Fact: The United States throws away 150,000 tons of food daily. And on average, around $1,500 worth of food is wasted per year in each household. Out of everything edible we waste, fruits and vegetables account for 39% of America’s total.
The good news is that a few simple tricks to reduce the amount of fresh produce we toss every day could have a massive impact on the environment (and on our grocery expenses).
Step one in wasting less produce is remembering that storing fruits and vegetables too closely together is a common mistake that can lead to food going bad. Buildup of the chemical compound ethylene gas will cause them to go off, so apples, melons, apricots, bananas, tomatoes, avocados, peaches, pears, nectarines, plums, figs and other fruits and vegetables should be kept separate, as these produce the most ethylene.
Here’s a handy guide for storing fresh foods smarter—because the longer your produce, meat and more lasts, the less you trash and repurchase.
Netting for lemons, oranges and limes is very dangerous to sea life and birds, so these types of fruits should always be bought loose. You can keep them out at room temperature, but once citrus fruits are past peak ripeness, storing them in the fridge will help them last longer (same goes for tomatoes and avocados). If your citrus starts to turn, you can slice the fruit up and freeze it: frozen citrus is great as ice cubes for drinks.
Wash and dry loose leafy salad greens in a salad spinner, then wrap them loosely in paper towels and refrigerate in a food-storage container to keep the leaves from going soggy.
Onions and potatoes
Onions, potatoes and shallots should be stored in a cool, dark place to keep them fresh, like a basket in a cupboard or a cellar. Avoid storing these products in plastic bags, as this encourages spoilage. Once cut, onions should be stored in a resealable bag in the fridge where they will last for around a week, or store chopped onion in an airtight container in the freezer.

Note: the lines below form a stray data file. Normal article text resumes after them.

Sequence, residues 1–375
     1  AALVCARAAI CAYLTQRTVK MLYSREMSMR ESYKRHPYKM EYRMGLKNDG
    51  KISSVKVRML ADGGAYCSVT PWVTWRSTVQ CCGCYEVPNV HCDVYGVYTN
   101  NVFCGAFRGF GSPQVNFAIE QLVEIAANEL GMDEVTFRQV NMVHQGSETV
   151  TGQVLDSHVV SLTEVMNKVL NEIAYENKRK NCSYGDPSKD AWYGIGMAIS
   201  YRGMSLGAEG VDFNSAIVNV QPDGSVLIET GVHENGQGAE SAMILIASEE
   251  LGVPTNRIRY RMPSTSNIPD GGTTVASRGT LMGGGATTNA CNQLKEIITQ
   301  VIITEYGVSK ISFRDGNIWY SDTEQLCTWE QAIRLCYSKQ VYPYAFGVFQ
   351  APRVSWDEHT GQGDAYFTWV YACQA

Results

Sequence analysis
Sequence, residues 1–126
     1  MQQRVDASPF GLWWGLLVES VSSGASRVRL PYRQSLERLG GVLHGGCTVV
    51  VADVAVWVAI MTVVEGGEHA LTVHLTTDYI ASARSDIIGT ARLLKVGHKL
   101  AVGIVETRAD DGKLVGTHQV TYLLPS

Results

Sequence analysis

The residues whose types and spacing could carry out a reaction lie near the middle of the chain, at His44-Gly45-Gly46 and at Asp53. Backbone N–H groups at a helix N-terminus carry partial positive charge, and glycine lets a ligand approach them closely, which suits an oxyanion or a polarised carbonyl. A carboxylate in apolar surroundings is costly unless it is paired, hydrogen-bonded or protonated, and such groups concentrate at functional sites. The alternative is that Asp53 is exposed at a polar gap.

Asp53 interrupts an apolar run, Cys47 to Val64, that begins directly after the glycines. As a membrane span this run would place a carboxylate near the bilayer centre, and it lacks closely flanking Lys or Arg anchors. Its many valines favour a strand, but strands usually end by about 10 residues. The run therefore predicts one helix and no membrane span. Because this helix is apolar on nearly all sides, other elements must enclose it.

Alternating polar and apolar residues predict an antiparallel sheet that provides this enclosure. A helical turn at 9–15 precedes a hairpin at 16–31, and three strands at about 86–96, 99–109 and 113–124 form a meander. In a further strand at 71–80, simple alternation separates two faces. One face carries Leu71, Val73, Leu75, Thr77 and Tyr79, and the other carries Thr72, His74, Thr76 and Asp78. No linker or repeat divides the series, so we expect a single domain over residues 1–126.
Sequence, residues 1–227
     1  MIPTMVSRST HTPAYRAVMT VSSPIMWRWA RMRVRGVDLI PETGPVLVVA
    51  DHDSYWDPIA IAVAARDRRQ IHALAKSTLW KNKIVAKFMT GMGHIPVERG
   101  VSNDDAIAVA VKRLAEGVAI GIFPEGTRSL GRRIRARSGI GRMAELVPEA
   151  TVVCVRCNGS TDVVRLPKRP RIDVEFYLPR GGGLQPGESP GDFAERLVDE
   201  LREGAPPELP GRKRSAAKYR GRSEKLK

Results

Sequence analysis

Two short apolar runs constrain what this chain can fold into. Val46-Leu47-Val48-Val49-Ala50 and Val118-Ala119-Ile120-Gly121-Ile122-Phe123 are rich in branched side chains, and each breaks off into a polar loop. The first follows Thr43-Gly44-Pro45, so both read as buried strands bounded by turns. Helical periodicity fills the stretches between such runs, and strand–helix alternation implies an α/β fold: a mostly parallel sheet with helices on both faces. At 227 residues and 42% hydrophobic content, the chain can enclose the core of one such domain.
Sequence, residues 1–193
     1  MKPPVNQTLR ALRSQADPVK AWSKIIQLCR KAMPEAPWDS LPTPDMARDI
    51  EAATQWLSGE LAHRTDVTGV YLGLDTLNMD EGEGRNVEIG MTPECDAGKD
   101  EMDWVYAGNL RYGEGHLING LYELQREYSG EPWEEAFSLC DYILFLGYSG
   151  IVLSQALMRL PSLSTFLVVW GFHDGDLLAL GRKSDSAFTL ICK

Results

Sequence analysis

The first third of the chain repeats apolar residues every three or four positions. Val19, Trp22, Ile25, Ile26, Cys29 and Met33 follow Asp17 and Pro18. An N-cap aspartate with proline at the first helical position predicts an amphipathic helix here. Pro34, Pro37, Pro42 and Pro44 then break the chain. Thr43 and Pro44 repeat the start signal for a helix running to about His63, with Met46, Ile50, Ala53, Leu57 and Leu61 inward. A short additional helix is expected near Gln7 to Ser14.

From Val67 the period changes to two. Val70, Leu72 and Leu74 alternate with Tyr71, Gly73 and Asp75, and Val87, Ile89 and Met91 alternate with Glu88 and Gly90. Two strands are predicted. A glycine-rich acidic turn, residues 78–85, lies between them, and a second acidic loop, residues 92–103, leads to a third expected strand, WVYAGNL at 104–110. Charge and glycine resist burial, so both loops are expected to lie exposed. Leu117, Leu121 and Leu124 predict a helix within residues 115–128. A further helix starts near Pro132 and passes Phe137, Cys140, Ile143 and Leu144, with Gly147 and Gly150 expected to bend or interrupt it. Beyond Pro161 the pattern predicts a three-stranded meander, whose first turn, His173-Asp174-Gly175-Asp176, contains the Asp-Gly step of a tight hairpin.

Wash cucumbers as soon as you bring them home from the grocery store. Make sure they’re thoroughly dry—as excess water will spoil them—then wrap each in a cloth or towel to prevent sogginess. Store in the fridge in a reusable vegetable bag.
Apples and bananas
If you won’t be eating them immediately, buy bananas when they’re still slightly green and store them away from other fruits in the fruit bowl (they release high amounts of ethylene gas, which, as mentioned, can cause other fruits to go off more quickly). Consider using a banana tree to keep them separated and minimize bruising. Keep apples in an uncovered fruit bowl on the countertop and make sure to store them out of direct sunlight.
A great hack for storing fresh basil and other herbs is to chop the leaves in a food processor, place in an ice cube tray with a little olive oil and store in the freezer. When basil is needed for a dish, just pop in a ready-made cube.
Meat and fish
Storing meat and fish in containers in the freezer will save money and food waste. Keep them well-organized (first in, first out) with labels that clearly state the date the items were frozen, as frozen meat should be eaten within three to six months.
© Meredith Corporation. All rights reserved. Used with permission.